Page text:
Another mega-bill makes its way to the House of Lords
Déjà vu all over again in the House of Lords, as peers launched their consideration of yet another controversial mega-bill.
This time it is the Legal Aid, Sentencing and Punishment of Offenders Bill, and it's clear from the speeches in Monday's Second Reading debate that a lot of peers are distinctly unhappy about much of the content. The need to find compromises and soothe concerns will tax even the political skills of the wily Justice Minister, Lord McNally, not least because most of his Liberal Democrat colleagues looked pretty green around the gills about cuts to legal aid, which, critics say, will restrict access to justice.
That issue will be one of the biggest flashpoints. There are considerable worries about the implications of reducing entitlement to legal aid for, among others, welfare and housing cases. Critics claim the changes would make life harder for vulnerable people and result in thousands of people clogging up the courts by bringing cases and representing themselves - where solicitors would cut a deal instead.
Which is why the Lib Dem ex-judge Lord Thomas of Gresford has put down amendments allowing the Lord Chancellor to reinstate some legal aid entitlements if the courts are engulfed by a wave of amateurish cases brought by so-called litigants-in-person (lawyer-speak for people representing themselves). That's just one of a phalanx of amendments brought by Lib Dem peers alone… Already eight days have been set aside for detailed Committee Stage debate of the Bill, starting on December 22, and extending, probably, to March next year. More may yet be needed. Of course there are plenty of other issues for peers to chew on - restrictions on judicial discretion, new restrictions on no-win no-fee litigation, and plenty more.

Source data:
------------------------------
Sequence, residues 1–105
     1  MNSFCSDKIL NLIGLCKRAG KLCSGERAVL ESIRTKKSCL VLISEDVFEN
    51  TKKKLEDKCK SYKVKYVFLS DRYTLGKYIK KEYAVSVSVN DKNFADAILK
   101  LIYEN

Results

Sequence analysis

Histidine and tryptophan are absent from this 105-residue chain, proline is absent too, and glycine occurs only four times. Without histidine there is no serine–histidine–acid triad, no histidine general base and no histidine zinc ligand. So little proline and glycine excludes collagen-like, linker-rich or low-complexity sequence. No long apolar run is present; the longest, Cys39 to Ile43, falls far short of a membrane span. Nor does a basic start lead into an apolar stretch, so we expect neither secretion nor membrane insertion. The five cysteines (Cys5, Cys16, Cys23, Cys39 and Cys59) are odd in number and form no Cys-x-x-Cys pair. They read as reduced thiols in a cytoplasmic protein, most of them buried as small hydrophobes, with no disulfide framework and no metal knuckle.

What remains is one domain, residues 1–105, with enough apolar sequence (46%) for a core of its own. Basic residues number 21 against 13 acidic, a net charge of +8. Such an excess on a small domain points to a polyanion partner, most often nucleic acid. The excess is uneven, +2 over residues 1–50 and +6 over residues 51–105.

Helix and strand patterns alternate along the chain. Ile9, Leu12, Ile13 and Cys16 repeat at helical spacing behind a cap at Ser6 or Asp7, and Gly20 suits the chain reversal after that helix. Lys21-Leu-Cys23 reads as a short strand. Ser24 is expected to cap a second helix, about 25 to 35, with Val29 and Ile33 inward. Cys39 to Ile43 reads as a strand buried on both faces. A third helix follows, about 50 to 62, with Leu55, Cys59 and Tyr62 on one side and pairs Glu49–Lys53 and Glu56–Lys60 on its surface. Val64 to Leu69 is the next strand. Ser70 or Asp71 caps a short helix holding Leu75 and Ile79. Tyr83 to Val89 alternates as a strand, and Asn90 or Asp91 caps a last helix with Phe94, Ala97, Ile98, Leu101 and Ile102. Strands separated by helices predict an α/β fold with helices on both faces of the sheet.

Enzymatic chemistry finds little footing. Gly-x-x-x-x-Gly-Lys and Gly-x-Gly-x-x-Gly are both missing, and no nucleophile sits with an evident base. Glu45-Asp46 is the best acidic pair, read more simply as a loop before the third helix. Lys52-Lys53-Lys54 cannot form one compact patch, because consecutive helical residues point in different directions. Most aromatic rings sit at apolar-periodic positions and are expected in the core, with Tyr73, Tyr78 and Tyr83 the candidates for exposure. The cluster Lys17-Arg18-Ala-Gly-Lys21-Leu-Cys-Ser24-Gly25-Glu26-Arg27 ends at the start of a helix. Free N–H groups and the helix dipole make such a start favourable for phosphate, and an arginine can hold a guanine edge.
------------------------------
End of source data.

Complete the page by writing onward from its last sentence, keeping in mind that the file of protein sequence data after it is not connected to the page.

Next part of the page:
This is where that déjà vu comes in. The House of Lords is clogged with big bills which peers want to amend in all sorts of ways. The long running Health and Social Care Bill - with Day 8 of Committee stage due on Monday - the Protection of Freedoms Bill, and, of course, the Welfare Reform Bill which is now being debated in detail in Grand Committee, but is due to go before the whole House again for Report Stage, and with a considerable number of amendments piling up. And lurking in the background is the Scotland Bill - which is designed to implement the proposals of the Calman Commission to increase the powers of the Scottish Parliament.
It's been in legislative limbo for rather a long time - the Second Reading was back in September, and no date has yet been announced for the Committee Stage. When it returns, probably in the new year, it is likely to be entangled in the intricate political battle around a Scottish independence referendum. Peers like the former Scottish Secretary Lord Forsyth are planning amendments to hold the referendum under the authority of Westminster, rather than Holyrood. He and others could tie the Bill in knots for quite a while if it does return. There is an argument that the debate on extra powers for the Scottish Parliament has moved on since Calman, and that even more devolved powers should be offered. One possibility is that the Bill could be shelved on the promise that an "I can't believe it's not independence" package of powers will be offered next year.
At the moment this is no more than speculation - but with so much heavy-duty legislating to be done in the Lords, before the current Parliamentary year ends in late March or early April, something may well have to give.